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Paddle Me This...

Hey all!

At most trade shows I've attended there always seems to be a “latest and greatest” new product, concept, or service that debuts and catches the buzz-worthy attention of the attendees. This year, at the Abilities Expo in Los Angeles, I heard a lot of chatter about a new adaptive experience and sport no one had heard of before. Paddleboarding. Paddleboarding?! Yes, you read that right! Paddleboarding for wheelchair users! I had to find out more so I headed straight to the Living Spinal booth to pick up the brochure for Onit Ability Boards. It seemed to look as straightforward as it sounds with an image of a standard stand up paddleboard and a wheelchair attached to the top. Um, yes please, where do I sign up?! Luckily, my friend Andrew Hippert at Living Spinal pointed me in the right direction.

A couple weeks later I headed down to Oceanside, CA to meet up with native Hawaiian and Onit Ability Boards inventor, Kawika Watt, to learn how to paddleboard for the first time! Honestly, I had no idea what to expect. Paddleboarding is something I never tried prior to getting paralyzed so I was super excited for a brand new water sport experience. (And most of you know how much I love water, sports, and new experiences = a win-win-win for me!) Upon the first moment I met Kawika, it was apparent he lives and breathes the ultimate laid back lifestyle on the water. His love for people is so genuine it immediately reflects why he invented an adaptive paddleboard in the first place. “To make sure nobody feels left behind,” he says simply. I know, super cool attitude, right?!

As soon as I spotted paddleboarders in the water and empty wheelchairs on the dock, I couldn't wait to leave the land behind! So much so I almost forgot I needed to learn how to actually paddleboard first. Kawika relayed a quick paddling lesson and basic safety precautions (which reminded me of the instructions I got on my “kayaking date” in season 1 of Push Girls). Getting on the board consisted of a fairly easy chair-to-chair transfer and I settled in comfortably. As Kawika slid my board from the dock into the water, butterflies started to fill my stomach! He calmly explained the instructional board has outriggers and nobody has ever tipped it over before but I couldn't help to think I might be the first to break that record! However, within two paddle strokes my nerves disappeared and I was thinking of nothing else but going out explore the beautiful harbor!

I didn't initially get the hang of paddling perfectly, as some people kindly pointed out my paddle was backwards a few times (haha), but I truly could have paddled all day (save for a slight concern of overworking unused muscles my first time out). An athlete at heart, I appreciated the leisurely aspect, but also the endurance I felt. And the fact it can be a competitive sport should I choose to get serious about it.

Perhaps the ONLY thing I initially missed from paddleboarding was getting splashed or feeling the water on my skin, which is part of the experience doing other water sports I love. Those who like to stay dry will love that aspect. It's hard for me to be around water and not want to dive right in! But once I was back on the dock, I noticed others at the end of their session leaving their boards for the water to cool off. Duh, why didn't I think of that? So that's something I'll do next time!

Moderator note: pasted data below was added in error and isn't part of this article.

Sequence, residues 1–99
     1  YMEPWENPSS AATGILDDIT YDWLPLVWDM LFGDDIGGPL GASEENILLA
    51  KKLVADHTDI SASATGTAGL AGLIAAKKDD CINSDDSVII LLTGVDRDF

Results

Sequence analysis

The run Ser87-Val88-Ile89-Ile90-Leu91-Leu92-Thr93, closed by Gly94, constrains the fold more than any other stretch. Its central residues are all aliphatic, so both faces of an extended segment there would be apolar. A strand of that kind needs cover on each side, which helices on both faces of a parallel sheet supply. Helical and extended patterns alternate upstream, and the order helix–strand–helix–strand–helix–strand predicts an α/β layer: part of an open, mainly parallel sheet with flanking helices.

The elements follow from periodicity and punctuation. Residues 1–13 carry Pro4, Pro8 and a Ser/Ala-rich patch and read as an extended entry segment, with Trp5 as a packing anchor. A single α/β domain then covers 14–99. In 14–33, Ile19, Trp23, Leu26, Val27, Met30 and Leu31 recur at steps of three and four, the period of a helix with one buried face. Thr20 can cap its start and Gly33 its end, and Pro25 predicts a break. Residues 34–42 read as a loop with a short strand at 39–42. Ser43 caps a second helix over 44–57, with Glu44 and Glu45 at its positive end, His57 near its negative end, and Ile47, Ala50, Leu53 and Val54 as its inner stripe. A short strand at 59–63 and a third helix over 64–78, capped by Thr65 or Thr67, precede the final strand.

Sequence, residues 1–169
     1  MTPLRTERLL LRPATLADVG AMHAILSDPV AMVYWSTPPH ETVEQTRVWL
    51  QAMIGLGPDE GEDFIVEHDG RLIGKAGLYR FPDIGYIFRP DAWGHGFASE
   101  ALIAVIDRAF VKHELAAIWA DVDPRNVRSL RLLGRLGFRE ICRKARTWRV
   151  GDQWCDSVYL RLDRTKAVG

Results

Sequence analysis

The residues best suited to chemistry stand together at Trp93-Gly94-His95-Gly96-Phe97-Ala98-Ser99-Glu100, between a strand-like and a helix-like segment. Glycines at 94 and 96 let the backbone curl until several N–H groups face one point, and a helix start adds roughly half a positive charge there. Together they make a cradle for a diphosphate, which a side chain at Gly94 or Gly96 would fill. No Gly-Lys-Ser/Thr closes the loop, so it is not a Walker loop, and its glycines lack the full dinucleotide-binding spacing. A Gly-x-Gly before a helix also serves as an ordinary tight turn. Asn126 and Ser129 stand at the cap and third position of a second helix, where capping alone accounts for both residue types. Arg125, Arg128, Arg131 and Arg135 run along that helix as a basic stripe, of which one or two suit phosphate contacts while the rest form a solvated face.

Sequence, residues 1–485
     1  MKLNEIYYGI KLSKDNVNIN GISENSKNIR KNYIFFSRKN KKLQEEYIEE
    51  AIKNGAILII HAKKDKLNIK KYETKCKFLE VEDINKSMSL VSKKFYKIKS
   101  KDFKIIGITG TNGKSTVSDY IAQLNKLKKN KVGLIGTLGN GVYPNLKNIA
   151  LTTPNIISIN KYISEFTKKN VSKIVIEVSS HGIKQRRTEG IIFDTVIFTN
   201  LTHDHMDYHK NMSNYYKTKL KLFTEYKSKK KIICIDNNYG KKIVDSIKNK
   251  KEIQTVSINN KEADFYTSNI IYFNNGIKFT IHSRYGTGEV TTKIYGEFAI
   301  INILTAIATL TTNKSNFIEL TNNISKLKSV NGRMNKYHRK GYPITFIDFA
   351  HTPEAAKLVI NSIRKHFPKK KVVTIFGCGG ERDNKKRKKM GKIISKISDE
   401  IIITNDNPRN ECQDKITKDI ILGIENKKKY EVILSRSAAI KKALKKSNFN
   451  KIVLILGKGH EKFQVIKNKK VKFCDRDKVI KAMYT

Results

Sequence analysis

Most overall, I felt a feeling of freedom I as navigating through the water on my board. It strikes me as interesting to notice many people I've met, who use wheelchairs or prosthetics, strive for experiences that exude a feeling of physical freedom. Perhaps because some of us had/have confronted seeming limitations since birth or an injury. But paddleboarding is yet another adaptive sport that shows how truly unlimited we are, should we choose to seek a physically active lifestyle. My friend Andrew is a C6-C7 high functioning quadriplegic who also describes the experience of paddleboarding as “free” and there is “no better feeling than out on the water.” Andrew has enough dexterity to hold the paddle and do his own paddling, but those with very limited or no use of the arms or hands can still experience the exhilaration of adaptive paddleboarding with a guide who paddles from back of the board.

I've come to realize I get most excited about outdoor activities I can share with others no matter what their physical ability level is. I even met a new friend, Erica Davis, on the day of my experience. She is an amazing world-class athlete (Paratriathlon National Champion and 1st female wheelchair user to climb Mt. Kilimanjaro. Yeah, jaw meet floor!) and we grew an instant bond all while she graciously showed me some cool paddling tips! I absolutely LOVE how Paddleboarding affords me the opportunity to share an awesome activity simultaneously with all of my friends, whether they stand or sit. In the vision of Kawika, “nobody gets left behind!”

Those interested in trying the Onit Ability Boards (it's always FREE) can contact Kawika at 760-712-2222 to schedule an appointment.

Interested in buying your own Onit Ability Board? You can purchase them here from Living Spinal – a company that donates a portion of its proceeds to SCI research with every order!



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